// Run our Regex, and get our match collection
                matchColl = R.Matches(Block);
                // If our match count is less that the length of the string,
                // we know that we have characters outside of the ascii table
                if (matchColl.Count<Len)
                {
                    // Return false, this buffer could not be
                    // evaluated as Ascii Only
                    return false;
                }
            }
            // No bad charaters were found, 
            // so all characters are within the ascii table
            // Return true
            return true;
        }
    
    }
}

License

This article has no explicit license attached to it but may contain usage terms in the article text or the download files themselves. If in doubt please contact the author via the discussion board below.

A list of licenses authors might use can be found here

About the Author

Seth Webster

United States United States
Currently, I am the President of a medium size Tucson, Az based development / consulting firm. I have been developing solutions in various languages for over 15 years. Like many, I am a tech junkie.
 
Daily, I oversee and participate in development on projects ranging from simple online presence deployment, to full scale systems integration and management infrastructure.
 
Languages of choice are PHP & MySql solutions, C# / ASP.NET with SQL Server.
 
Prior to opening the doors for my company, Webglimmer Internet Solutions, I made a living (with development / consulting on the side) as a musician. For 11 years, I played everything from Rock to Blues, touring the U.S., Canada and
Mexico. Unfortunately, Musicians make the same money they did 100 years ago. Unless of course, you "make it". Alas, music never paid the bills.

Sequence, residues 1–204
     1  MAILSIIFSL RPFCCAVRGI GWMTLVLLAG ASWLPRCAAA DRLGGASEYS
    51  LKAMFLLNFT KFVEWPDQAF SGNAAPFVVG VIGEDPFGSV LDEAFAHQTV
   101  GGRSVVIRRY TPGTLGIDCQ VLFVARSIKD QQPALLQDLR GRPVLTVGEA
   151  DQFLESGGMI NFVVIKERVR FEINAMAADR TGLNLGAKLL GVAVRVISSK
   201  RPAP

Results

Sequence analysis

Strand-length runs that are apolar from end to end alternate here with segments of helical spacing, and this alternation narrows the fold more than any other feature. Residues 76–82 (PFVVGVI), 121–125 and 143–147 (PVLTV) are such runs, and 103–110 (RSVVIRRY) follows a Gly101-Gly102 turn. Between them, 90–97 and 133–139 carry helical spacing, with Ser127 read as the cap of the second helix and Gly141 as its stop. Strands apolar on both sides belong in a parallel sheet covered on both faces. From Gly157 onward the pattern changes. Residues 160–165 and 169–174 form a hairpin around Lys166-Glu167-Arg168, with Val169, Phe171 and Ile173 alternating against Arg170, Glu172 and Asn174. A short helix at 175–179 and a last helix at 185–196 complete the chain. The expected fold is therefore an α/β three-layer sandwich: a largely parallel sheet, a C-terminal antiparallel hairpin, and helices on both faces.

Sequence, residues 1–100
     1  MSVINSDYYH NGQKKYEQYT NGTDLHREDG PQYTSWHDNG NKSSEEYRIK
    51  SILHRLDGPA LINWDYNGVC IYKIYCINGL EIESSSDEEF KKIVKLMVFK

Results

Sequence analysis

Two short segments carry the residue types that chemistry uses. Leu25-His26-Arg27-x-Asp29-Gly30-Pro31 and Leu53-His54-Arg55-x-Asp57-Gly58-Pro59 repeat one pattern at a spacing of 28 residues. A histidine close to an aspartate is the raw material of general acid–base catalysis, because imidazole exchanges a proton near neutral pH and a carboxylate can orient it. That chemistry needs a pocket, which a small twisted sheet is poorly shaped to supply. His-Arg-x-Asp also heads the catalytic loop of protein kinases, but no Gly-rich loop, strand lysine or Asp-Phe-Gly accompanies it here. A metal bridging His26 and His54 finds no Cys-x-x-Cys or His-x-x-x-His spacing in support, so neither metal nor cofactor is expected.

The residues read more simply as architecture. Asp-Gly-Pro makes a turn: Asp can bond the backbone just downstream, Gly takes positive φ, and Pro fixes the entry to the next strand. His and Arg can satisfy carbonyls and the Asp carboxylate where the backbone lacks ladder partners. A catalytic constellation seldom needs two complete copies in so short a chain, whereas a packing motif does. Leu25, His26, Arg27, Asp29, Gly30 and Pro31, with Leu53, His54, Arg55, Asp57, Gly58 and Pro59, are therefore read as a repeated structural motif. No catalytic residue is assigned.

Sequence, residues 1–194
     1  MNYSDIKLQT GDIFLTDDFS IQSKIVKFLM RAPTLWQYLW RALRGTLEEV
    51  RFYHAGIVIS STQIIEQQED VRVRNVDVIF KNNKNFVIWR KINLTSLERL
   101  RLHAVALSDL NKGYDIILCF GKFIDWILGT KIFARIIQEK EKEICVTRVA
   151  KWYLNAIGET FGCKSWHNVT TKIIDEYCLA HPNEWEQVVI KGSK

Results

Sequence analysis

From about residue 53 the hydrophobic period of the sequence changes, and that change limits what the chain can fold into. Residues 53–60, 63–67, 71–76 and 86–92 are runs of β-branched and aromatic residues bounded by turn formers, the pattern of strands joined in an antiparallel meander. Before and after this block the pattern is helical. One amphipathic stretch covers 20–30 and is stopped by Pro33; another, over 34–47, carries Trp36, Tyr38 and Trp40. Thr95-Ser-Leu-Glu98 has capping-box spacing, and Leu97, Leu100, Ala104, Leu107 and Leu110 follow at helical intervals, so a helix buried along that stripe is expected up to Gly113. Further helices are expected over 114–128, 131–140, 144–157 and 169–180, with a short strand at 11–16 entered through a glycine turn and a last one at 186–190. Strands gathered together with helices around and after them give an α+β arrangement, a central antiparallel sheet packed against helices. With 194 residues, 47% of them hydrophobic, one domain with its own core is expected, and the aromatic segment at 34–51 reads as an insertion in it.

Comments and Discussions

 
Generalunix2dos Pinmemberrequesttimedout17-Jun-08 15:51 
GeneralRe: unix2dos PinmemberTrollslayer24-Jun-08 4:20 
GeneralQuestion Pinmembersheitman808-Dec-04 12:30 
GeneralRe: Question PinmemberSeth Webster8-Dec-04 12:45 
Thanks for the input! Smile | :) I am not sure whether or not using the String.Replace method would be faster or not. It would probably be faster if using a StringBuilder.Replace as you only deal with one object. If using the String.Replace method, a new string object would be created each time a replace was done on one of the \n characters, and that new String would be re-scanned for \n instances. So I think with a basic string, that the method I used is the faster way.
 
The best method may be to use a StringBuilder, but as I stated in the article, I used a basic string for simplicity. StringBuilder isn't much more complicated to use, though I think it would take longer on the RegEx matching, so a real test would be needed to determine which is really faster.
 
Thanks a lot for the response.
 


 
Seth Webster